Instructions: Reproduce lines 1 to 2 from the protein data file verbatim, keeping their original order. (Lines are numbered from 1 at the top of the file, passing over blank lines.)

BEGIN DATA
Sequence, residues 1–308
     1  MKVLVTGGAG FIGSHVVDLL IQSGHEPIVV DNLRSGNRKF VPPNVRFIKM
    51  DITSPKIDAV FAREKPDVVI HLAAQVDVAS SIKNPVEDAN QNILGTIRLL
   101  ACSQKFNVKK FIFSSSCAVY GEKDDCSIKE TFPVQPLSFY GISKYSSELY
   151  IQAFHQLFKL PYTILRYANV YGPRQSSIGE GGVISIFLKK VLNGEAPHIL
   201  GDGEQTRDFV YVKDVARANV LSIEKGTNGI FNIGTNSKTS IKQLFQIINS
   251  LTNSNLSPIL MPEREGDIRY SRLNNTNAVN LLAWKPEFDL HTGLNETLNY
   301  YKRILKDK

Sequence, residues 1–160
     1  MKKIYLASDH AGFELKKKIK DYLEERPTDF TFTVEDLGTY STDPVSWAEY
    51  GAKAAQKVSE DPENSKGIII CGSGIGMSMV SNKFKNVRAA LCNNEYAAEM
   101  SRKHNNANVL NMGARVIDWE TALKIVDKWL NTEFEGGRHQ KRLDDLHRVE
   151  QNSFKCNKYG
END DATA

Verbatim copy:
Sequence, residues 1–308
     1  MKVLVTGGAG FIGSHVVDLL IQSGHEPIVV DNLRSGNRKF VPPNVRFIKM